Protesters call for prosecutor Amy McGowan to be fired over alleged misconduct; DA calls event a stunt to possibly sway jury
photo by: Dylan Lysen
A group of protesters gathered on Monday to call for a Douglas County prosecutor to be removed from her position for what they believe to be prosecutorial misconduct.
In a protest outside the Douglas County Judicial and Law Enforcement Center, local defense attorney Sarah Swain led the group in calls for the firing of Amy McGowan, the chief assistant district attorney for Douglas County. Some protesters were wearing light blue shirts that said “Fire Amy McGowan” on the front and had the logo of Swain’s law firm on the back.
“Amy McGowan has been a problem prosecutor since she came to Douglas County,” Swain said. “Unfortunately, the pattern of misconduct that Amy McGowan had already established for herself in Jackson County, Missouri, followed her to Douglas County.”
However, Douglas County District Attorney Charles Branson called the protest a “stunt” meant to sway a jury in the murder trial of Rontarus Washington Jr., Swain’s former client, which is occurring this week. According to Douglas County District Court records, Swain previously represented Washington in the case. Washington is currently being represented by attorneys Angela Keck and Adam Hall.
“Ms. Swain is a defense attorney that will do anything to divert attention away from the guilt of her clients,” Branson said. “I fear this stunt may be a direct attempt to influence the jury.”
The Journal-World attempted to reach McGowan, but Branson said she declined to comment.
Swain said the protest had nothing to do with Washington’s case other than that she has serious concerns about Branson’s office, which is handling the prosecution through Senior Assistant District Attorney C.J. Rieg. Swain said she was offended that Branson would call the protest a “stunt.”
“This is a woman who has been responsible for destroying the lives of God only knows how many people, and that’s why we’re here and that’s what we’re upset about,” she said. “The fact that he’s not upset about it says a lot more about him than it says about us.”
photo by: Sara Shepherd/Journal-World File Photo
During the protest, many of the protesters criticized McGowan for her time as a prosecutor in Missouri. They said McGowan has a history of withholding evidence to support the conviction of innocent people. They pointed, as an example, to a recent ruling that found a Missouri man was wrongfully convicted of murder.
In a document filed Aug. 14, the Circuit Court of DeKalb County, Mo., ruled that as a prosecutor for Jackson County, Mo., McGowan failed to turn over exculpatory evidence in the case. As a result, Ricky Kidd, now 44, spent 23 years in prison for a 1996 double murder that he did not commit. Kidd was exonerated on Friday.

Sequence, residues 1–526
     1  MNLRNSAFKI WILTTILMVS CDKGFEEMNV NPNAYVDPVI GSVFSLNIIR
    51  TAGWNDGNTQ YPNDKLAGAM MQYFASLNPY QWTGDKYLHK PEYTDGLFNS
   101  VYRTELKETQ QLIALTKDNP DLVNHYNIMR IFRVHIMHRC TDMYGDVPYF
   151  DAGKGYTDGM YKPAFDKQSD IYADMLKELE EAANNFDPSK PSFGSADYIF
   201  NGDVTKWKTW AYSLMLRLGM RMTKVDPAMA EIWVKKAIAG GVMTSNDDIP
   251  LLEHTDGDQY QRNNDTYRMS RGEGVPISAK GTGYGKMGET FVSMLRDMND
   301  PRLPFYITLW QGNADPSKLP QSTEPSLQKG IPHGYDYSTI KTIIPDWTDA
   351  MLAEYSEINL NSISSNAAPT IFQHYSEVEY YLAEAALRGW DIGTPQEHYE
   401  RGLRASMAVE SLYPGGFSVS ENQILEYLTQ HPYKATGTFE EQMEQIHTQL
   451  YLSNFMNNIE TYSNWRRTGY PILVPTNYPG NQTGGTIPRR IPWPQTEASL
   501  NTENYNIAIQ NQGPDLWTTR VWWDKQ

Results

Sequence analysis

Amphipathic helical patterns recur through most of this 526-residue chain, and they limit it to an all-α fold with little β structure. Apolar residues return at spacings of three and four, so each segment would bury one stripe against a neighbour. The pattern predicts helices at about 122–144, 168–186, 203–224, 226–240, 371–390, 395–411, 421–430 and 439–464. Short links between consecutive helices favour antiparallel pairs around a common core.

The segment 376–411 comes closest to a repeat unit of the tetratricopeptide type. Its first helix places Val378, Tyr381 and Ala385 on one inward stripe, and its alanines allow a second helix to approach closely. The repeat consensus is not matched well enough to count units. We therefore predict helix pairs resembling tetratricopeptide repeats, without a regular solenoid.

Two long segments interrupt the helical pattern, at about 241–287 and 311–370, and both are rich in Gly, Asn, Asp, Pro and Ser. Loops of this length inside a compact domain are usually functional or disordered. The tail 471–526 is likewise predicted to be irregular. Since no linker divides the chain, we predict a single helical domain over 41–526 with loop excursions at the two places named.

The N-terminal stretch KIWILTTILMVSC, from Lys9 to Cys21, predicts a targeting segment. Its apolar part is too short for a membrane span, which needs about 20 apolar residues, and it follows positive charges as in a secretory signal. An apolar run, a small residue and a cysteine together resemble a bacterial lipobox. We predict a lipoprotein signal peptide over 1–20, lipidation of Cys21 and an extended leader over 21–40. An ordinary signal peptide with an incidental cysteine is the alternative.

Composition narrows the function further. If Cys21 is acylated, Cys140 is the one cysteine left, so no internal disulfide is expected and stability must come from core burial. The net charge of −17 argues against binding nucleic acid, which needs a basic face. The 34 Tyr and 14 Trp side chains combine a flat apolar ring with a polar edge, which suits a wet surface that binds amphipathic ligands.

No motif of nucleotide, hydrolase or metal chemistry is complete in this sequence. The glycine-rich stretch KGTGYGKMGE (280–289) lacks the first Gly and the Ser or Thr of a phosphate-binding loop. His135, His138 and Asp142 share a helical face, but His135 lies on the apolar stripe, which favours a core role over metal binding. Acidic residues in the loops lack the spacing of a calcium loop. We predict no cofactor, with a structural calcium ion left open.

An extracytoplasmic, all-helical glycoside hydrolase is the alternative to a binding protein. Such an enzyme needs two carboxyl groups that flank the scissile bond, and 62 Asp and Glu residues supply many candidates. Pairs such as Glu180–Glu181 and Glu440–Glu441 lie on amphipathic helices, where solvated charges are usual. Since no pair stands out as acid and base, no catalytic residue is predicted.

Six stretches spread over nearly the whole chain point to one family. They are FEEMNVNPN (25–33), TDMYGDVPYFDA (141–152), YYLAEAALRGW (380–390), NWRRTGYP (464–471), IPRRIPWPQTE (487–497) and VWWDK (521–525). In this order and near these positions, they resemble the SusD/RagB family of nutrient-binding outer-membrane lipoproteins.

Branson said he thought it was unfair for the group to criticize McGowan for a case she handled 20 years ago.
“While she did make errors in that case, the case was overturned primarily because the main witness recanted,” he said.
Swain said the ruling is just one of many reasons the protesters called for McGowan to be fired and she’s worried McGowan is unfit to be a prosecutor in Douglas County, where she moved after leaving Jackson County. Swain pointed to Branson’s previous decision to remove McGowan from her cases in 2013.
The Journal-World reported on Feb. 14, 2013, that McGowan had been removed from her cases and reassigned to other duties after the Kansas Supreme Court faulted her for trial errors. After the court’s ruling, Branson removed McGowan from her caseload of major felony sex crime cases.
photo by: Dylan Lysen
However, she eventually returned to prosecuting felony sex crimes. Swain said McGowan’s return to the felony cases allowed her to continue a pattern of what Swain called misconduct. She said the recent conviction of Albert Wilson, of Wichita, was an example.
On Jan. 10, a jury convicted Wilson of raping an intoxicated teenage girl he met at a Lawrence bar. That case, which McGowan prosecuted, is currently on appeal.
Wilson testified that he did not have intercourse with the girl, and his defense attorney, Forrest Lowry, argued there was no evidence that he did. The state, however, introduced photos from the sexual assault exam the girl got at a hospital that showed bruising on her legs — from where she said he had held her down.
At the sentencing, where Wilson received 12 years, Judge Sally Pokorny told Wilson: “You and your family may not agree with the verdict, but the verdict came back as guilty.”
“This offense is a rape,” the judge emphasized.
In another case where Swain thought McGowan had overstepped in charging, the owners of a local CBD store, Free State Collective, face felony charges after the Kansas Bureau of Investigation raided the business in February, acting on a tip that it “was selling marijuana under the guise of being legalized industrial hemp,” according to an affidavit in the case.
Sean Lefler and Anne Martin, co-owners of the store at 1910 Haskell Ave., are both charged with possessing and distributing THC, the ingredient in marijuana that produces a high. In an email to the Journal-World, Lefler, who co-owns the business with Martin, referred questions to Swain.
— Journal-World reporter Mackenzie Clark contributed to this report.
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